C++ was invented by Bjarne Stroustrup in the early 1980s as a general-purpose programming language. It is a similar language to C, which was invented by Dennis Ritchie in the early 1970s, but it is safer and includes modern programming techniques (like object-oriented programming).

The purpose of C++ is to precisely determine a sequence of operations that a computer can perform to accomplish an objective. Most of these involve manipulating text and numbers, but anything a computer can do physically can be programmed in C++.

We don’t think about this often, but computers have no intelligence – they have to be given instruction on how to perform a task. These instructions are defined by the programming language used. Once they are programmed, they can repeat the instructions very quickly as many times as the operator wishes.

Which computers have C++?

The better question is: “which computers don’t have C++?” The language is a widespread, almost universal tool and can be found on most computers, big and small alike. There are compilers for this language that are available to almost every type of operating system.

Use of C++

C++ is popular in software engineering, communications, and gaming, as well as other industries like finances, health care, and defense. The language is widely used across programming development and has been an influence on the creation of other programming languages like Java, C#, and PHP.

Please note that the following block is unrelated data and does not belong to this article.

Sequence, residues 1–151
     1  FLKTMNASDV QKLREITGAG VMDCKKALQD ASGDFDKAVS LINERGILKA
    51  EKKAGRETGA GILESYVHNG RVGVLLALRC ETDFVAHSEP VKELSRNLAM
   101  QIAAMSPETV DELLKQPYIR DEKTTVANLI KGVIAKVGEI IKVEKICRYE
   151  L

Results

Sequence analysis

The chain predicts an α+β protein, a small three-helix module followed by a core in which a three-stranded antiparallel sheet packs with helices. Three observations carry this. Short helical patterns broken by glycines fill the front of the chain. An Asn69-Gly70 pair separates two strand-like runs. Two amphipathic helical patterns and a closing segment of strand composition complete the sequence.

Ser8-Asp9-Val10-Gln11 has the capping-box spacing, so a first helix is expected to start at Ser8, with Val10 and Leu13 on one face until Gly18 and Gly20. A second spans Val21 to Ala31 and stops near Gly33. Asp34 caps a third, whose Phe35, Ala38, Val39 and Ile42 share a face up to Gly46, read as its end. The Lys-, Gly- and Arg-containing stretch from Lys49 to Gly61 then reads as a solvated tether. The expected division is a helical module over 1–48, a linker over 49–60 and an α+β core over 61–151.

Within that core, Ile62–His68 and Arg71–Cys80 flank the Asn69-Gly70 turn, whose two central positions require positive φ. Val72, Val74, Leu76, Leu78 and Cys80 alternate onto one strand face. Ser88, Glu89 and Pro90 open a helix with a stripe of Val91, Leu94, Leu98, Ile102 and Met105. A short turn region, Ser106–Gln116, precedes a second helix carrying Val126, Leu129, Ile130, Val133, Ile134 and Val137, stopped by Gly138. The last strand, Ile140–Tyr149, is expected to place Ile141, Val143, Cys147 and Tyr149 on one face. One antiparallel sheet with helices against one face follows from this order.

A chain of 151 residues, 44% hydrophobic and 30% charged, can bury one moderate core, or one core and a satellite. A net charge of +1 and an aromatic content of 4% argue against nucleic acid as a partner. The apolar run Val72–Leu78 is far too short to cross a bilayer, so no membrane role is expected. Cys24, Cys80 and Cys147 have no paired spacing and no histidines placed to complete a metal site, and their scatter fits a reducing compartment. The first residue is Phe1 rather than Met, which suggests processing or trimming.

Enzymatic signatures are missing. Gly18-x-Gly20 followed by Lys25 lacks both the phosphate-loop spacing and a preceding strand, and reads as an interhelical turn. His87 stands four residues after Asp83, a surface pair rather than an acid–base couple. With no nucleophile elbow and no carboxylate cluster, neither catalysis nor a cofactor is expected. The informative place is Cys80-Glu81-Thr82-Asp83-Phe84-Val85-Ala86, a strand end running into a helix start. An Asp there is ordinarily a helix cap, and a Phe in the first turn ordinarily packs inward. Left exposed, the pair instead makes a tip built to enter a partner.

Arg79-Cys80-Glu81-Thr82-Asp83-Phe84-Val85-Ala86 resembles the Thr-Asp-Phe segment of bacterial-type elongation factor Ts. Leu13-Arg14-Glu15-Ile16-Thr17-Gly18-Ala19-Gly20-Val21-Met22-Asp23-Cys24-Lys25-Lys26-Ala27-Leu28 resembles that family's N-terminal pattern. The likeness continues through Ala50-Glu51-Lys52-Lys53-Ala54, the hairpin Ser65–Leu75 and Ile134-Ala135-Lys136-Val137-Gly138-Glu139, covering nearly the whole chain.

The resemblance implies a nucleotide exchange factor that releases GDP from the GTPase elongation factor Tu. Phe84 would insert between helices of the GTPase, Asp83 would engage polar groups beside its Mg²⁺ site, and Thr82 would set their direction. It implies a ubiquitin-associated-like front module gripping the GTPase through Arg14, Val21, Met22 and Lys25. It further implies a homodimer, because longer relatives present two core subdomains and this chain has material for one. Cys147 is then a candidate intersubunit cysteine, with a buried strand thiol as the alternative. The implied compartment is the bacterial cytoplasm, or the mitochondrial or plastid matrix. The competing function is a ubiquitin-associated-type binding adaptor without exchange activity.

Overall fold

Learning C++

There are many places you can go to study C++. First, you’ll need a C++ compiler. There are a variety of these available, and many of them are free and include an IDE to make it easier for you to program, debug, and edit your applications.

Where does C++ stand in comparison to other programming languages?

While some code languages are written for a specific purpose, C++ is a great general-purpose language. It can work well for most programming tasks, but not for all. Other languages like Delphi, C#, and Visual Basic may work better in those situations.

Knowing how to use C++ is a foundational skill in learning how to program and code. Many jobs in a selection of fields require or prefer candidates with this skill, as there’s an immense amount of existing code that needs maintenance, updating, and (at times) rewriting. C++ also lends itself to the arts in its contributions to video game development. Needless to say, if you’re considering a job in our modern technological industry, knowing C++ will give you a leg up in your job search.